Connie Cooper wanted to improve her looks. She decided the best way to achieve that goal was to get a tummy tuck.
“I squirreled the money away and saved for it and saved for it,” Cooper said.
The retired Miami-Dade police major went to Vanity Cosmetic Surgery in Miami for a consultation, and ended up paying $8,000 for her surgery up front.
But two weeks before it was scheduled last July, Cooper got a call from the clinic.
“Saying they had to re-schedule my surgery and I said excuse me?” Cooper said. “Why are you re-scheduling? ‘Well the doctor, doctor Fisher, has to go on vacation.’ … Really?”
Vanity Cosmetic Surgery calls itself the largest cosmetic surgery center in South Florida, claiming it treats more than a thousand patients a week. But some patients claim they seem to be more interested in keeping their money than in improving their looks.
“Shame on you,” Cooper said. “How dare you think you can do this and get away with it.”
As it turned out, Cooper is not alone.
NBC 6 Investigators found that nearly 50 people have filed complaints with state and local agencies over the past year. The complaints show a pattern of reported problems with refunds and customers say that in their quest to look beautiful they paid hundreds and in some cases even thousands of dollars for services they never received.
Customers have claimed that when a surgery is canceled even when it’s the doctor who cancels, they can’t get their money back, which range from $400 to $8,000.
Vanity is owned by Ismael Labrador, who has a medical license with the state of Florida. In 2006, Labrador was arrested for hiring unlicensed personnel to give cosmetic injections.
He never admitted guilt but took a plea deal, agreeing to a three-year probation and ordered to pay $54,000 in fines and fees.
Rod Davis, president of the Better Business Bureau of South Florida, says Vanity is not working with consumers in a proactive way.
“It is an outrage and if I’m a consumer like that, I’m outraged,” Davis said.
Davis said consumers would put down a deposit and then Vanity would string them along for 60 days. By then it is too late because most credit cards will not refund your money after that time period, he said.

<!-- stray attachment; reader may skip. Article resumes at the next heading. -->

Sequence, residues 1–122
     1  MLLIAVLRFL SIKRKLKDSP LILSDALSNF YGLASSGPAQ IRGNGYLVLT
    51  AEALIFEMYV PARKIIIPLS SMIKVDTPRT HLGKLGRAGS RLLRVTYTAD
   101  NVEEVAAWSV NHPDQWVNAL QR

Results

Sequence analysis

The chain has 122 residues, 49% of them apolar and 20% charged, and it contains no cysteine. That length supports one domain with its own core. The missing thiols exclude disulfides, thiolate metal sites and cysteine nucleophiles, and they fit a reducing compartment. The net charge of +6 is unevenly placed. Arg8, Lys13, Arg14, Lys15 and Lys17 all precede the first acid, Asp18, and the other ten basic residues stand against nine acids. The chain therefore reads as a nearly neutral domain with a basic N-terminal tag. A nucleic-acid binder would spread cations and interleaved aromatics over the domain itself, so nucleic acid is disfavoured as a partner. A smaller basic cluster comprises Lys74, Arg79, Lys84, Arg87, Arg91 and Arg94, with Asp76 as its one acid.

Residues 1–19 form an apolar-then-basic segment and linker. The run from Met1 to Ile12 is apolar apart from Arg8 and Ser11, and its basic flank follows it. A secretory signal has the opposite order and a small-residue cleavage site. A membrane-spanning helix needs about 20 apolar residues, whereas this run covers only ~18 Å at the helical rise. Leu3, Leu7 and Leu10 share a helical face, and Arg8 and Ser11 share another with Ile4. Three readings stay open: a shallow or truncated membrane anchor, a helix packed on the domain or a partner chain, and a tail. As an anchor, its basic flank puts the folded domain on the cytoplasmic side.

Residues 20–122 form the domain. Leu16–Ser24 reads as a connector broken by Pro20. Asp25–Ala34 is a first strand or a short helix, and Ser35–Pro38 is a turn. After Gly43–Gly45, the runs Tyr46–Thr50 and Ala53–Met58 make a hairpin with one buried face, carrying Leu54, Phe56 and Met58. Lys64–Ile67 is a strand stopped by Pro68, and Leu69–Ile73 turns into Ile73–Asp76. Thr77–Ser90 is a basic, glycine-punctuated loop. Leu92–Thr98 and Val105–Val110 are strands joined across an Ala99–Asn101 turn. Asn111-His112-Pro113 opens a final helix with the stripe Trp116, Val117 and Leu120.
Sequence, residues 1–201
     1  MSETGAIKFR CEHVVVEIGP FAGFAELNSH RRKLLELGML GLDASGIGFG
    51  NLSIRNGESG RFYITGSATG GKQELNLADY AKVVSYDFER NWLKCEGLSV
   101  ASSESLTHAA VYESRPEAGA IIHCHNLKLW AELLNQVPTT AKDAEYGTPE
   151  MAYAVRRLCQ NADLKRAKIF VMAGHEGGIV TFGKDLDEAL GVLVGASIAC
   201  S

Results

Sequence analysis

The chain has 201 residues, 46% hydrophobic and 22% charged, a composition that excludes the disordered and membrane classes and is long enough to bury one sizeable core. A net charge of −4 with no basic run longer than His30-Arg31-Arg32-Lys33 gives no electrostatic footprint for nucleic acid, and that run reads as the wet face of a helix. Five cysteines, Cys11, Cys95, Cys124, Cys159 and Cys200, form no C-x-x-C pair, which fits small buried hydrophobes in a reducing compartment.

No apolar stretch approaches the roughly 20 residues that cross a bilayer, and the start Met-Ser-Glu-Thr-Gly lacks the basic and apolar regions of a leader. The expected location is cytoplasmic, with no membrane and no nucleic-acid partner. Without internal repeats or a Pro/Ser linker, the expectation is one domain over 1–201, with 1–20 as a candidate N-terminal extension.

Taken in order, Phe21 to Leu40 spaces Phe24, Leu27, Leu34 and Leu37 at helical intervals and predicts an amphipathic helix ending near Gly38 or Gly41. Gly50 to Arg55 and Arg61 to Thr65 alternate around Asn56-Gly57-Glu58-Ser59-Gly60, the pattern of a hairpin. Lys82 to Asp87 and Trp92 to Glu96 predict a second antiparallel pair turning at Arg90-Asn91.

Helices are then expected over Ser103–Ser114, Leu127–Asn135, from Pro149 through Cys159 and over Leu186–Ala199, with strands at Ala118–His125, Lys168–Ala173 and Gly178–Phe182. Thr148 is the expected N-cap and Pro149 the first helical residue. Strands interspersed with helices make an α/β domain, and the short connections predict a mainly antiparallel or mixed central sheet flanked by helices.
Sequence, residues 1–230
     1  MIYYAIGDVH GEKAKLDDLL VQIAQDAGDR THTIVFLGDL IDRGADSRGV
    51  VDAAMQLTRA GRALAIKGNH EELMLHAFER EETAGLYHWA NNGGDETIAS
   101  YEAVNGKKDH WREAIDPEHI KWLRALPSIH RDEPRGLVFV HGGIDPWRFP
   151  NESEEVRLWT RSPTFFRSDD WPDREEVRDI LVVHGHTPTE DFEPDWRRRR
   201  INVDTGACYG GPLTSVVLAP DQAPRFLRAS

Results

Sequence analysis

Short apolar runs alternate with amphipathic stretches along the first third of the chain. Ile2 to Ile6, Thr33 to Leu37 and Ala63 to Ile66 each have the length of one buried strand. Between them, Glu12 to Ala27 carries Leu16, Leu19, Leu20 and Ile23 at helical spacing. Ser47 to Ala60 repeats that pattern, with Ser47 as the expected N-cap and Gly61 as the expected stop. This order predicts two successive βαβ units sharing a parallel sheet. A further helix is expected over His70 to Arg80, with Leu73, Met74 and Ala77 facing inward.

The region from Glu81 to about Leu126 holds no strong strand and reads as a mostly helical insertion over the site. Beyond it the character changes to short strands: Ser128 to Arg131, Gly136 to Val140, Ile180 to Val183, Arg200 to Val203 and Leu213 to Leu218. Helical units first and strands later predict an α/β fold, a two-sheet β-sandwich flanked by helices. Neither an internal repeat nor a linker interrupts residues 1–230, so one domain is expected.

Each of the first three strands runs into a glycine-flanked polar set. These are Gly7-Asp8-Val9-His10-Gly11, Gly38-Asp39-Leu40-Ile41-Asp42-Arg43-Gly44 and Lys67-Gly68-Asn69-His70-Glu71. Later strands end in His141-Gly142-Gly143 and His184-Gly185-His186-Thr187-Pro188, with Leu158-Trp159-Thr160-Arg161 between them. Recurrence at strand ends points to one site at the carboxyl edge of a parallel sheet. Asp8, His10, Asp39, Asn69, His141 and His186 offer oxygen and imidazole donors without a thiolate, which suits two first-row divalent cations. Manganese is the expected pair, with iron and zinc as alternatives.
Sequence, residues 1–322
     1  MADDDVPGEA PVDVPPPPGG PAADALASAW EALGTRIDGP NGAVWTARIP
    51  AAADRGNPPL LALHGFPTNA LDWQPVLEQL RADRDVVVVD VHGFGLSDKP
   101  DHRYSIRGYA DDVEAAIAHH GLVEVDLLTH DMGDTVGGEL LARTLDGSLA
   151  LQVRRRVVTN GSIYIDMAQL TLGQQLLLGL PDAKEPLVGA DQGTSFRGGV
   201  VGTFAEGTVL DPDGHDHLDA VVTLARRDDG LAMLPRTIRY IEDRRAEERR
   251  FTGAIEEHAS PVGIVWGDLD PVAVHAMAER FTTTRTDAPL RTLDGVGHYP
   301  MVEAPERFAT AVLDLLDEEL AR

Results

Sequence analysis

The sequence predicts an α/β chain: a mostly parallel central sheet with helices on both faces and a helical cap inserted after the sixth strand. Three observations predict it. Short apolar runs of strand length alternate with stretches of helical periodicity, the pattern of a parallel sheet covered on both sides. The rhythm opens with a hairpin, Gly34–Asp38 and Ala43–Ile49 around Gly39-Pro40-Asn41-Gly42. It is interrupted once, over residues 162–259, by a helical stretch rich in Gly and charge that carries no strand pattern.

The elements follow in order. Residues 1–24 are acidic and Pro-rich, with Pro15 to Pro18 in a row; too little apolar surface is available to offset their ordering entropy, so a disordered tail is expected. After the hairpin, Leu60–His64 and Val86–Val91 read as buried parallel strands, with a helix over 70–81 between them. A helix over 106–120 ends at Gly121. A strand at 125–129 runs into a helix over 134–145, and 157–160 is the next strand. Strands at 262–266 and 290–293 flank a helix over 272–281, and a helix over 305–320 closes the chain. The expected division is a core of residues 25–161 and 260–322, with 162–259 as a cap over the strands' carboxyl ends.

NBC 6 Investigators requested an interview with Dr. Labrador, but just hours before the interview was to happen, an attorney for the surgery center called to cancel, and provided a statement instead.
Vanity says that a medical condition would have delayed Cooper’s surgery even if they didn’t reschedule her surgery. They also say she signed the clinic's $1,500 cancellation policy, which covers “consultations, evaluations and lab work.”
They say she did not get a refund because she never submitted her refund request in writing, which the clinic say it requires.
But an email she sent the clinic shows she did make a written request.
And nearly a year later after NBC 6 Investigators started asking questions, she got a call from the company offering a $6,500 refund.
“She said to me: ‘If we give you all of your money back will you pull the interview you did with NBC?” said Cooper. “To which I replied well do you understand that you’re trying to do something that’s quite illegal? That’s blackmail.”
So far, Cooper has not received any of her money back.
Vanity says it has received complaints due to its high volume of patients and that “the court has never ruled against us due to the validity of our cancellation policy.”
But a civil suit filed in 2014 shows that Vanity was ordered to refund a customer $1,500 she paid for surgery she didn’t get.
After her experience, Cooper has one thought about Vanity.
“There’s no way on God’s green earth if they gave me the $8,000 back, another $8,000 and did the surgery for free, I won’t let anyone in that organization touch me with a 10-foot pole. Not happening.”